Kellogg's adds peanut flour to crackers - Fox29 WFLX TV, West Palm Beach, FL-news & weather

Kellogg's adds peanut flour to crackers

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PALM BEACH COUNTY, Fla. -- Anyone with a food allergy or a child with a food allergy knows shopping can be a challenge. Once you find those go to safe foods you treasure them like gold. For Sarah DuBerry, reading ingredients is a way of life. For DuBerry, not thoroughly reading, line by line, could have deadly consequences.

“My oldest son has peanut allergies,” DuBerry said. “He's also got eggs, nuts, milk. He's got multiple food allergies.”

DuBerry’s son Rex is one of an estimated 15 million Americans with food allergies. Which is why she's concerned about Kellogg’s decision to add peanut flour to some flavors of Keebler and Austin cheese crackers starting this month.

“It's absolutely huge,” DuBerry explained. “Not only do we have one less thing to eat, now it's also a lot of people aren't going to notice. They're generally cheese crackers and cheese crackers you don't think they're going to have peanuts in them.”

DuBerry is not the only concerned parent. Kellogg's Marketing Vice President,  AnneMarie Suarez-Davis , released this statement addressing the backlash from the ingredient switch.

"On behalf of all of us at Kellogg, I want to thank you for your emails, Facebook messages and phone calls. Many of you who have children with food allergies told us that our sandwich crackers made without peanut products were some of the only products left that your family could purchase with confidence. As a mom myself, ensuring we make safe food for all families is something that is deeply important to me, and I am sorry that we disappointed you….  Today, I want to share with you that we will be making our Austin Grilled Cheese Sandwich Crackers without peanut products. They will be available in stores starting in September. “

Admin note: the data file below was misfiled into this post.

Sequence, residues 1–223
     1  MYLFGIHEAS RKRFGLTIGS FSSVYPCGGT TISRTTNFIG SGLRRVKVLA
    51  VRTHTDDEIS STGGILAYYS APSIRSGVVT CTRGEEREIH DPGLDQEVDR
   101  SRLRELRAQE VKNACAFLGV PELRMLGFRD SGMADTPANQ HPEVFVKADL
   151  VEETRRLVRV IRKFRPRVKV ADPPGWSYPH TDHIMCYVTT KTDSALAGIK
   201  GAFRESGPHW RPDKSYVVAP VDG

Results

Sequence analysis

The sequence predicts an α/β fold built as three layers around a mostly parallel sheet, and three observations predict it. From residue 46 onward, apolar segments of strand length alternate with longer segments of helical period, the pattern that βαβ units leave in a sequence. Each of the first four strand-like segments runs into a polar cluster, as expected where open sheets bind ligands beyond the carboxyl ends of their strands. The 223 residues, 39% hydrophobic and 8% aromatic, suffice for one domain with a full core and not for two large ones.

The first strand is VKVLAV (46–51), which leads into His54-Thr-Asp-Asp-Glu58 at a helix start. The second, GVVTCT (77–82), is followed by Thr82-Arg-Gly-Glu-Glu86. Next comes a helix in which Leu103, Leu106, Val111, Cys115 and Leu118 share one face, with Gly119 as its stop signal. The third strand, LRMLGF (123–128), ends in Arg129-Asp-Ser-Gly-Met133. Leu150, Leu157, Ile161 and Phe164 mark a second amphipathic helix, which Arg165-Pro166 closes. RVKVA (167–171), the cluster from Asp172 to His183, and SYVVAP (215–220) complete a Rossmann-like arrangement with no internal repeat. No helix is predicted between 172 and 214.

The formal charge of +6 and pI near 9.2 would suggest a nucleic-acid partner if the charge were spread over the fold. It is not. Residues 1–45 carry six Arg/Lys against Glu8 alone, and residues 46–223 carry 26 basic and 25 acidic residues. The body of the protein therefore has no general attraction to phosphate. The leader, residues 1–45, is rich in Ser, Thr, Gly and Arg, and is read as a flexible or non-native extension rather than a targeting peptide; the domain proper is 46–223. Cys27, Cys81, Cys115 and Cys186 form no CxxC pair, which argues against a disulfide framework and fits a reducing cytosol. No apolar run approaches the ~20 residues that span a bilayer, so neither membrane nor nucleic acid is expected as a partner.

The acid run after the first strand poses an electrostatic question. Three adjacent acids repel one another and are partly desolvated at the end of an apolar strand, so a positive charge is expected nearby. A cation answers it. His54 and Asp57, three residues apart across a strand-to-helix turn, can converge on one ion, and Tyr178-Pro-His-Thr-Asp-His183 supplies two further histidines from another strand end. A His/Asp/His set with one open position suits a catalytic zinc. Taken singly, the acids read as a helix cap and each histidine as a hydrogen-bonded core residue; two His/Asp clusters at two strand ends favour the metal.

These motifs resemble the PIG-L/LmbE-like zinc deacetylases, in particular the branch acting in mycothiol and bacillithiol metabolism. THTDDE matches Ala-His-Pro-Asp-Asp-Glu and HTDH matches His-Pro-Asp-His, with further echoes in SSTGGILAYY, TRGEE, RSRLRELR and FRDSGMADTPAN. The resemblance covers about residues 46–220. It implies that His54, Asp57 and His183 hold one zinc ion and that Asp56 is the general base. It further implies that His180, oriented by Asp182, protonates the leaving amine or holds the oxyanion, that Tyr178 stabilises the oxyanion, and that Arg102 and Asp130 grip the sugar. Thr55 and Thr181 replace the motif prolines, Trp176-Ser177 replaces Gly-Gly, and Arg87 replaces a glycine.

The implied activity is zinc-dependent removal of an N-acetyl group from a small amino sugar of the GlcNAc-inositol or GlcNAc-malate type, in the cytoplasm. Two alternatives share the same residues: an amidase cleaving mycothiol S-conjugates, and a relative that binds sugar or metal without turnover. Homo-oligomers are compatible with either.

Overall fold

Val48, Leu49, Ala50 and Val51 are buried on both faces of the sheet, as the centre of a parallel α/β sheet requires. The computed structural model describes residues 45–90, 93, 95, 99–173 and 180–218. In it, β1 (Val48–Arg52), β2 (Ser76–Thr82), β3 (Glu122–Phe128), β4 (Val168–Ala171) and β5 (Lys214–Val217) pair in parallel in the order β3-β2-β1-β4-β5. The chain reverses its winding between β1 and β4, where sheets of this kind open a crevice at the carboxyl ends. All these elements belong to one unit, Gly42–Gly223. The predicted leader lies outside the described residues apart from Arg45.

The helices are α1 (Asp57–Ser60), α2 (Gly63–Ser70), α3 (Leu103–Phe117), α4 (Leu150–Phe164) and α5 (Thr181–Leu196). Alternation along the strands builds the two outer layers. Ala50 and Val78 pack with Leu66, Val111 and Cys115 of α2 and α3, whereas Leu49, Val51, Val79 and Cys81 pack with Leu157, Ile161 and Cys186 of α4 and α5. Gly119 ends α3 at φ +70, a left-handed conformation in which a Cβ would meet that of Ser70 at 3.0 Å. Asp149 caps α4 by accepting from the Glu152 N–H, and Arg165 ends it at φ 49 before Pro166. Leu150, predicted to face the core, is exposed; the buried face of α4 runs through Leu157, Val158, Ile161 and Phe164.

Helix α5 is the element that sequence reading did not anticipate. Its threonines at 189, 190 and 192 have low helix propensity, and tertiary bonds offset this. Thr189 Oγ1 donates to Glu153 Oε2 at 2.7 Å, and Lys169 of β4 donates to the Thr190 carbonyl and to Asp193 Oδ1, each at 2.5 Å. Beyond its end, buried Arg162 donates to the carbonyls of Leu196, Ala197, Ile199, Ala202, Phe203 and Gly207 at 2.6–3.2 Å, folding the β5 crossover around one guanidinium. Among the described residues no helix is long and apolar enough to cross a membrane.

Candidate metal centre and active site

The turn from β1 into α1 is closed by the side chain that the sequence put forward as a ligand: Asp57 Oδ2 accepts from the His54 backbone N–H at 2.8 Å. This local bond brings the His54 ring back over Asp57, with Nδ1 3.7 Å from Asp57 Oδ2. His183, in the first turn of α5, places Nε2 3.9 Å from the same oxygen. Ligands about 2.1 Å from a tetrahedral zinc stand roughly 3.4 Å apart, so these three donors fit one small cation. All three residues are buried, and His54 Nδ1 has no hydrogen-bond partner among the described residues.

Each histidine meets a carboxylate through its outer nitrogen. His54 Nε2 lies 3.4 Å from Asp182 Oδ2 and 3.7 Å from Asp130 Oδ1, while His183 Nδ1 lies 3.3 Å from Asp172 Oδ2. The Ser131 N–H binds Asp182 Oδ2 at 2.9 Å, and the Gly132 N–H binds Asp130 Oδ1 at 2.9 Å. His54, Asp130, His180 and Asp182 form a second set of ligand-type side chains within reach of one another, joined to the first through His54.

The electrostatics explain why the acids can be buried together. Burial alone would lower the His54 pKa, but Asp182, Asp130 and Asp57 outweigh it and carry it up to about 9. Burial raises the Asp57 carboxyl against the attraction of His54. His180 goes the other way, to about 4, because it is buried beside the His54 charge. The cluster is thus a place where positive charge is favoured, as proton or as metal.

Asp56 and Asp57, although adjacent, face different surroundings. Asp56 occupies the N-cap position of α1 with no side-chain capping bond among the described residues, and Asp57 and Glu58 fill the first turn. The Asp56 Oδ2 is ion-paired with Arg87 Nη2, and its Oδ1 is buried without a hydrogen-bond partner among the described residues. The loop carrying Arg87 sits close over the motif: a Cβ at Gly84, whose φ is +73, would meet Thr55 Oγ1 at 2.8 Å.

The decision to keep the crackers on the shelves is not what DuBerry wanted to hear.

“If a company is making food for children, they're marketing, they're advertising, they're aiming at children, I think it's their responsibility to come out with this properly DuBerry said. “They did it really quietly, not many people knew about this.”

DuBerry has a food allergy blog where she shares stories and recipes. You can follow the blog at pleasedontfeedmykid.com.

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